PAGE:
#12

The factory one you have lasted 140,000 miles. That’s not bad. Other brands, I don’t know.


#13

More important than the brand is the installation. The flywheel must be resurfaced or, if heavily scored, replaced. The flywheel is expensive (usually several hundred dollars) but can be reused if you have not driven the car with a worn clutch for too long.The clutch disc must be properly aligned and it is a good idea to replace the throw-out bearing to prevent another expensive failure in the near future. If properly installed most brands of clutch will give you good service life, especially if you don’t drive aggressively.


#14

My 2001 Honda Insight had a clutch replacement at 86,000 in 20012. Now, 1.5 yrs later at 107,000 it is out again. When I called the Honda dealer with this information, he said he would research it and call back.
I got a message later from him saying that It might be not the gearshift but the gearshift hydraulics, and to call him back with more information.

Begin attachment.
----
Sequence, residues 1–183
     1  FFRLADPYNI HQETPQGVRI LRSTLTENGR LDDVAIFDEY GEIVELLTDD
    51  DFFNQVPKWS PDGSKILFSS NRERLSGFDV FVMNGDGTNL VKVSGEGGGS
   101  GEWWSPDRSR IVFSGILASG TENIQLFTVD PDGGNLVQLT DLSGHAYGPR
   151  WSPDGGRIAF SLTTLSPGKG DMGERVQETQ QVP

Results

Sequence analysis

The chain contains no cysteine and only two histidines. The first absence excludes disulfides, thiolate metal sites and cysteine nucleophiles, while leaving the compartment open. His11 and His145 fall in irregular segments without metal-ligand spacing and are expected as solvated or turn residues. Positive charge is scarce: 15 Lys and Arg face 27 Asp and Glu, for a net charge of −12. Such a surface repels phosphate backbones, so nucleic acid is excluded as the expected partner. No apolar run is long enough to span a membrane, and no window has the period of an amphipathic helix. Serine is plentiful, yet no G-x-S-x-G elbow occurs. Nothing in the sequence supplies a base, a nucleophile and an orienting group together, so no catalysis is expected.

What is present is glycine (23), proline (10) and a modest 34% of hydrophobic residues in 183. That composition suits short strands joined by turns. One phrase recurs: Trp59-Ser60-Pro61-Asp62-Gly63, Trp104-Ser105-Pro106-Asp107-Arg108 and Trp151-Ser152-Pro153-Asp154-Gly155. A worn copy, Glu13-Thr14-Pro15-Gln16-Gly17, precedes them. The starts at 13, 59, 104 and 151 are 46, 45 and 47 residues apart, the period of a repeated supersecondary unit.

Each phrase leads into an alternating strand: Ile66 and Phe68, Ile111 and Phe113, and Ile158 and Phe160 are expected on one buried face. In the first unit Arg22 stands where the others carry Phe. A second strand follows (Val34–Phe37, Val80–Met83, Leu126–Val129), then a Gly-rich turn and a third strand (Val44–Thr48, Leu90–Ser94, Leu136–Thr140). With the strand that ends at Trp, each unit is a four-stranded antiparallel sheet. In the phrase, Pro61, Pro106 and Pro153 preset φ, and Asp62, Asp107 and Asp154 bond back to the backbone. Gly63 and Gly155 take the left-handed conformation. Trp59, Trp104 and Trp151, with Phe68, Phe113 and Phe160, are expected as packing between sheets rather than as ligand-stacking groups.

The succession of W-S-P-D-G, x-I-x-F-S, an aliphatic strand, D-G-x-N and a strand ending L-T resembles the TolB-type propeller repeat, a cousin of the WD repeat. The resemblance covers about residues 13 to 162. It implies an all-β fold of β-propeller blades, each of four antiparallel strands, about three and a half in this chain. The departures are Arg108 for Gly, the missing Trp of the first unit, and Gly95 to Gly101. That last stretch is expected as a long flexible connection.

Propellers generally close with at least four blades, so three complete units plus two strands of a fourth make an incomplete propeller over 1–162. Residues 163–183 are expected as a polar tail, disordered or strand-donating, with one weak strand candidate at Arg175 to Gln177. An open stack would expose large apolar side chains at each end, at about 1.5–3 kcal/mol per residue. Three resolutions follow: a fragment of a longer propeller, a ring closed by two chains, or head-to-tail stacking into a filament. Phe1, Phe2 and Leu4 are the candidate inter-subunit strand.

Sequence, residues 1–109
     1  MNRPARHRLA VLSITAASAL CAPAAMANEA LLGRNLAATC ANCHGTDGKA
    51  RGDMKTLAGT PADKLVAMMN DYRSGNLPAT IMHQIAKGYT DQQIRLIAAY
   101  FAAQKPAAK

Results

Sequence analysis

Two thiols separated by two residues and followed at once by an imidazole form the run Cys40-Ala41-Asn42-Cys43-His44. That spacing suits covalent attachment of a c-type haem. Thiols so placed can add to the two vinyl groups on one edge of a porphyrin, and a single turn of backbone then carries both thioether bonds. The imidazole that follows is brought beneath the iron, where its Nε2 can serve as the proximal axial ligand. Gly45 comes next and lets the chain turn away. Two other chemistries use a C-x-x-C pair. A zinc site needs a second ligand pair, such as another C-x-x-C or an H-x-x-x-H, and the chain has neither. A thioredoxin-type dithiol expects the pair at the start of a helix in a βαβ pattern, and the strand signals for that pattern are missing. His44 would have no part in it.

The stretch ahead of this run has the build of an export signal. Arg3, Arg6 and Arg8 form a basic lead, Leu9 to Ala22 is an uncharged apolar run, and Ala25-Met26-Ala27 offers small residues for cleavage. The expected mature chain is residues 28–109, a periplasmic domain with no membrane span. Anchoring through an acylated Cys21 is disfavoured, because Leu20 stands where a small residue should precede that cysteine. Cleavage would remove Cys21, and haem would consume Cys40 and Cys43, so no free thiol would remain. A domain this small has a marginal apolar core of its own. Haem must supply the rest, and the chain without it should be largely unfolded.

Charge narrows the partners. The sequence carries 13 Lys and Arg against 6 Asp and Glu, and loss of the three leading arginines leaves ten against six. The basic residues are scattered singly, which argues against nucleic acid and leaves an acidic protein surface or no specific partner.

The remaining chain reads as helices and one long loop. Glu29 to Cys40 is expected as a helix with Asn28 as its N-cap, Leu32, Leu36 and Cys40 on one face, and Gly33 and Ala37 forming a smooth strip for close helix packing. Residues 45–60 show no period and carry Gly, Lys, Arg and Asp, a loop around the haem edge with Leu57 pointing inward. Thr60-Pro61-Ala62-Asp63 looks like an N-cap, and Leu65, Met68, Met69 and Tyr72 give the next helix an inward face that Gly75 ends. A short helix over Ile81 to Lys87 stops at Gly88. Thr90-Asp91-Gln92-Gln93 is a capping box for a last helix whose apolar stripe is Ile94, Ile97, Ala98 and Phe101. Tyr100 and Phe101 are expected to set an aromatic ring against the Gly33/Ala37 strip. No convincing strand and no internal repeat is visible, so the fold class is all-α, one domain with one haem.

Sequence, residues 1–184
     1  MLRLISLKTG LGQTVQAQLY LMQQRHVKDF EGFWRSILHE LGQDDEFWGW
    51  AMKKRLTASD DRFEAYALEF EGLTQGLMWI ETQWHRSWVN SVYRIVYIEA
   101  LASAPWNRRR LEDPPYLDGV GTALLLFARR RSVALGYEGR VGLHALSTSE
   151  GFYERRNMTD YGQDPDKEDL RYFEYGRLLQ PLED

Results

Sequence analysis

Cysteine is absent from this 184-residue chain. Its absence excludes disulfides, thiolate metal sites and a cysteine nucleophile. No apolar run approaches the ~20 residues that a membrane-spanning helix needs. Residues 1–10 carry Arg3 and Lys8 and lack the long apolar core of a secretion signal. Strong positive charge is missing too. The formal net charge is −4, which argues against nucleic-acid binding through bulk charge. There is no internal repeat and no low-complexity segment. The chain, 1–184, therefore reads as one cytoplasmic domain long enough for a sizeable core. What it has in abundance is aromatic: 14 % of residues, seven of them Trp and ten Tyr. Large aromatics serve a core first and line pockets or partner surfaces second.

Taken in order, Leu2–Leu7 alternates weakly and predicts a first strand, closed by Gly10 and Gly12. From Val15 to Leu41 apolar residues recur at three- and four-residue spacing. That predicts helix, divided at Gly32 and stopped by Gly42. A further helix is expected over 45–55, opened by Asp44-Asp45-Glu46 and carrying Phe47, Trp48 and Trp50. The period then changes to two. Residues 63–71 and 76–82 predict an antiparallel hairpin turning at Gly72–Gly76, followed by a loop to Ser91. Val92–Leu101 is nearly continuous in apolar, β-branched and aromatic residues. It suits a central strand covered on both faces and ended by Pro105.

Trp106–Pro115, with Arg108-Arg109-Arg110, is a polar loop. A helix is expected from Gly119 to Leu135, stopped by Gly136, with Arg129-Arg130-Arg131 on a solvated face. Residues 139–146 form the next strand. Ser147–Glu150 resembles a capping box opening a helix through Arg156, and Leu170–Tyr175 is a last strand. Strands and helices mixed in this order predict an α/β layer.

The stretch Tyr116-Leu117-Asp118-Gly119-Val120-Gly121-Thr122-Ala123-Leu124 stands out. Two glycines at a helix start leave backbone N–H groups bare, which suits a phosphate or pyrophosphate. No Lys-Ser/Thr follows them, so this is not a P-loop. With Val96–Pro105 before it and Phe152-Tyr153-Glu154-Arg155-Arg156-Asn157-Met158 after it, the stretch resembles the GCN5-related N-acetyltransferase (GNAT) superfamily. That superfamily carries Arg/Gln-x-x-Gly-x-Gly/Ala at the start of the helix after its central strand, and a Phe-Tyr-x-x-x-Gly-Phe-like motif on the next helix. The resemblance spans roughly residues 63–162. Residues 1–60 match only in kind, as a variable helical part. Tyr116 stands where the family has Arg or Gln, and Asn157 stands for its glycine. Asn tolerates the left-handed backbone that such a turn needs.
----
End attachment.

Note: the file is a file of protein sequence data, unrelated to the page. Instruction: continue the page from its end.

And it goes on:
I’ve had problems with this dealer before and am feeling like I’m going to get the runaround and charged $1,000 again.
How can I defend myself? Thanks. Cecilia


#15

I have replaced a few clutches and have never resurfaced a flywheel. The Elantra probably has a dual mass flywheel and those are more than a couple hundred dollars.

However, do replace the throwout bearing, pilot bearing and the pressure plate as well as the clutch plate.


#16

cecilla, you need to start a new post, not hook onto someone elses. It makes it difficult to keep track of who is answering who when there are multiple questions going on. Look at the top right hand corner of this page and you will see a red box with the words “New discussion”, click on that box and start your own thread. I will have an answer for you when you do that.


#17

as has been said here, the clutch cylinders would not cause the problem you are having.